At that point I shut it off, boxed it up, and took it back to the store, where they kept trying to get me to exchange the laptop instead of getting a refund. The guy who was processing the return treated me like a criminal, and he didn’t believe me when I told him the laptop was defective. He demanded my driver’s license and put me on a “bad customers” list. (I know it’s a “bad customers” list because I asked why they needed my DL # and they said that some people keep buying and returning the same thing, so they don’t have to actually pay for it.)

I had to tell customer service rep at least 5 times that I didn’t want an exchange; I just wanted to return the laptop for a refund. He completely unpacked everything, and refused to process my return until he had run his own basic diagnostics on it right then and there. (As I mentioned earlier, I told him the laptop was defective but apparently he did not believe me.) We had to wait 3 minutes for him to confirm we hadn’t stolen anything from the box, and after waiting another 5-10 minutes for the laptop to boot up (which wasn’t going to happen, as I had already told him multiple times), I suggested that we leave while he sorted things out. It was only then that a second customer service rep stepped up to process the return on the cash register and asked us again if we wanted to exchange it for the same model or a different model. My coworker, who was accompanying me (and who was the one who originally wanted to use the laptop), had to repeat, “for the 8th time, we just want a refund.”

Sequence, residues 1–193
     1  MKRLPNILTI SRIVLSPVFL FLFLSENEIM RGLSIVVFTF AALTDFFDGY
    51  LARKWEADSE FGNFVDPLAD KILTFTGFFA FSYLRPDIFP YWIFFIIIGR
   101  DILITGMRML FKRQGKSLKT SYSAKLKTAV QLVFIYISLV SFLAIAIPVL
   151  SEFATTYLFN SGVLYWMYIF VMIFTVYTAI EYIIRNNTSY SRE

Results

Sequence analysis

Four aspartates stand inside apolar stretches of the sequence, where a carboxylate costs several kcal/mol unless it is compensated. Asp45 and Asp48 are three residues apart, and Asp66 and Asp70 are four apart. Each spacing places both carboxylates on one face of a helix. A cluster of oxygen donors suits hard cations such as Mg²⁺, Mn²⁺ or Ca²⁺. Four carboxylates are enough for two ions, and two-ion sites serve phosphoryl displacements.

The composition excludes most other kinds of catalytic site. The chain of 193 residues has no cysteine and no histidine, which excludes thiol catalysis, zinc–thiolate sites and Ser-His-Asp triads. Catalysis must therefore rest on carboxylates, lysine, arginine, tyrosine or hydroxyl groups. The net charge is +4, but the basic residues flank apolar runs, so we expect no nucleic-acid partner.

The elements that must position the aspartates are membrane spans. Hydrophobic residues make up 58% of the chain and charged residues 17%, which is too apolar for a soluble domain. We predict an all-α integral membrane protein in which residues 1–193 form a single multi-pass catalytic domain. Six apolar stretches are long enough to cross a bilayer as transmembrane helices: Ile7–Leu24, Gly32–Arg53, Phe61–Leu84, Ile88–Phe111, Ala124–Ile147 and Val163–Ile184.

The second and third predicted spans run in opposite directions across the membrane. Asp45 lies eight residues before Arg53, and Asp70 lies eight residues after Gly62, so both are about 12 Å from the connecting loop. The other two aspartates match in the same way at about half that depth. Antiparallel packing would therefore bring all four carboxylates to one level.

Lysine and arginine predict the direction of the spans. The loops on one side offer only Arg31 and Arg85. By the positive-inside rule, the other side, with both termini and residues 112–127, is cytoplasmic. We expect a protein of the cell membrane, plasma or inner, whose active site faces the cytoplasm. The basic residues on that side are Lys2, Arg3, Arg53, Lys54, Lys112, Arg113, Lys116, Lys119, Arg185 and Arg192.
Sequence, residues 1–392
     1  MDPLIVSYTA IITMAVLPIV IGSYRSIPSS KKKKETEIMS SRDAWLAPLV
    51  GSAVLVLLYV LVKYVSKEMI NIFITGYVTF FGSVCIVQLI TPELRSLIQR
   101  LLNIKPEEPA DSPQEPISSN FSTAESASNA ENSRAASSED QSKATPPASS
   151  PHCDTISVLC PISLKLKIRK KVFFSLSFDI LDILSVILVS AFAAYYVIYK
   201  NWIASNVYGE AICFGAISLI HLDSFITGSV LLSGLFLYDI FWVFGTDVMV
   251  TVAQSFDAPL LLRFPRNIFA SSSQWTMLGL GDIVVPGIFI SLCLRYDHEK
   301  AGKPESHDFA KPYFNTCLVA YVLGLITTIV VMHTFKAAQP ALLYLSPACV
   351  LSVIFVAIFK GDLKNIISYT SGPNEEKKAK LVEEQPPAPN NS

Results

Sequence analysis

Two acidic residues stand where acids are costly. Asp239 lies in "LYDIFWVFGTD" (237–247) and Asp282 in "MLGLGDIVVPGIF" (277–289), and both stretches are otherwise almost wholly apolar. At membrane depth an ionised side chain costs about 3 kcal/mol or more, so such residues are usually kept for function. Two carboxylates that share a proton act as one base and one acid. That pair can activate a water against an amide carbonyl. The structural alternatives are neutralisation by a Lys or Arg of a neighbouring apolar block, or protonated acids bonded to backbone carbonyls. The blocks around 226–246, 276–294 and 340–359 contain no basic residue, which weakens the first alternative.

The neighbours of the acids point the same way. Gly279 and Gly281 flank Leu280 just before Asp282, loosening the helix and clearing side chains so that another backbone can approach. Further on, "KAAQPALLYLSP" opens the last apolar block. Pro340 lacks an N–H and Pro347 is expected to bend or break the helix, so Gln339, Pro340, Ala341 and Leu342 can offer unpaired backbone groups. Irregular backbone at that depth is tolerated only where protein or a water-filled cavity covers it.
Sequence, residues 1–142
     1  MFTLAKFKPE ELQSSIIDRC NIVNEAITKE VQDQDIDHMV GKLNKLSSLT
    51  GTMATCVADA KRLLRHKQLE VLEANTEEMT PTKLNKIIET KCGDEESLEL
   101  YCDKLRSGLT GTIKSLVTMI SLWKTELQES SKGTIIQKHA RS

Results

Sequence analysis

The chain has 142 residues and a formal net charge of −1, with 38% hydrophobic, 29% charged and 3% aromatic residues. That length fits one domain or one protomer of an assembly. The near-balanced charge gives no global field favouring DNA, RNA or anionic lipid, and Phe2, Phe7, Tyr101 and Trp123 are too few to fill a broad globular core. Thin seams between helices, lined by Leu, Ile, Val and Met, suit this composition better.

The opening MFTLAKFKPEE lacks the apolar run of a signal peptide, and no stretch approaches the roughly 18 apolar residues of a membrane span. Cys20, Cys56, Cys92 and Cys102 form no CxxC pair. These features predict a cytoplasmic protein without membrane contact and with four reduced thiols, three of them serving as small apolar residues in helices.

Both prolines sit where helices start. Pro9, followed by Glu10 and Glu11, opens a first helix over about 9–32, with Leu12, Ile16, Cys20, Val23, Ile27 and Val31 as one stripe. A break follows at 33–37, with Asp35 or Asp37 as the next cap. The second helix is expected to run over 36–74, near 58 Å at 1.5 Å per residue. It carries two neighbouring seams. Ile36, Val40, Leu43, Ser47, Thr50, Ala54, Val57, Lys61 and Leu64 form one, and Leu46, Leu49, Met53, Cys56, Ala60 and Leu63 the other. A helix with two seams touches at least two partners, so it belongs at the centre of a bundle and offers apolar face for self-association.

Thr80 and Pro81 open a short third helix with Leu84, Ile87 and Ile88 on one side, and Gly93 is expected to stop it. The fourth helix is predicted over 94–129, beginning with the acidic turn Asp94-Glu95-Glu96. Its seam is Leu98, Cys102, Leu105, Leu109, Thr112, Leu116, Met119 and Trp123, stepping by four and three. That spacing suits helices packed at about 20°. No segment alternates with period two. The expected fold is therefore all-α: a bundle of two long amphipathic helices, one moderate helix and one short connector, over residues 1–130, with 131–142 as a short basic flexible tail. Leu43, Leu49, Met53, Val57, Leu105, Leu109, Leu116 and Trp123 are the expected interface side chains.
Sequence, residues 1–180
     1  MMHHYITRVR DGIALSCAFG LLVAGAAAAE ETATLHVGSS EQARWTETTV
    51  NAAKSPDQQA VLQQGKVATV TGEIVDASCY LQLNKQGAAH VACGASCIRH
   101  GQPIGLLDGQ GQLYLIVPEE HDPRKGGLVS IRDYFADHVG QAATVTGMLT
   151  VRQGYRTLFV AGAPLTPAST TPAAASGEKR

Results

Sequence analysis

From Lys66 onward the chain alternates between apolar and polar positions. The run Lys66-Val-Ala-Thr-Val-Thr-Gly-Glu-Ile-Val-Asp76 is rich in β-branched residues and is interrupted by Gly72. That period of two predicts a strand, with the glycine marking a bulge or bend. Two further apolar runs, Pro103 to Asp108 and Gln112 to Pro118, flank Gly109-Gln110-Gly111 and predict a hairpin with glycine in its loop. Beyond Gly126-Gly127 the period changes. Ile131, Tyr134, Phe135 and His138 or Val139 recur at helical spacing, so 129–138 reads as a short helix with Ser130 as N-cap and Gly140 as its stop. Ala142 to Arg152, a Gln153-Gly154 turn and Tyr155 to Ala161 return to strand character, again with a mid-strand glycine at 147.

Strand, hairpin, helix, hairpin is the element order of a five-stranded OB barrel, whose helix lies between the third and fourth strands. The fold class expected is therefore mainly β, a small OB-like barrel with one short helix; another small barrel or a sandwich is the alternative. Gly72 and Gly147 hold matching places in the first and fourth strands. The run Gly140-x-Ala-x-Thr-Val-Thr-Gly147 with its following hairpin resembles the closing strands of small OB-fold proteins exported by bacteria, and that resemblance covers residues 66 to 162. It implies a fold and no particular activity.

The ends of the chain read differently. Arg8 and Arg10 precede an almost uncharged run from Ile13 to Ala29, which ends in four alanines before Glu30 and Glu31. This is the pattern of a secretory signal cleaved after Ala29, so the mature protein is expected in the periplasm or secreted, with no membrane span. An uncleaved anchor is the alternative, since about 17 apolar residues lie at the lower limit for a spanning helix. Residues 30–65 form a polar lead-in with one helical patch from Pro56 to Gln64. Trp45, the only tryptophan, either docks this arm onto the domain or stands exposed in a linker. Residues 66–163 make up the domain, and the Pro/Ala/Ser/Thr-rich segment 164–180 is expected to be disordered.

After the second customer service rep completed our return, the first one hurriedly boxed up the laptop and said they would have to send it back to the manufacturer.

Glad you got your money back finally. I’m surprised that after a miserable experience the first time you went back for seconds. Hopefully now with your cash restored you can buy directly from a manufacturer a real laptop, instead of a craptop.

Want more consumer news? Visit our parent organization, Consumer Reports, for the latest on scams, recalls, and other consumer issues.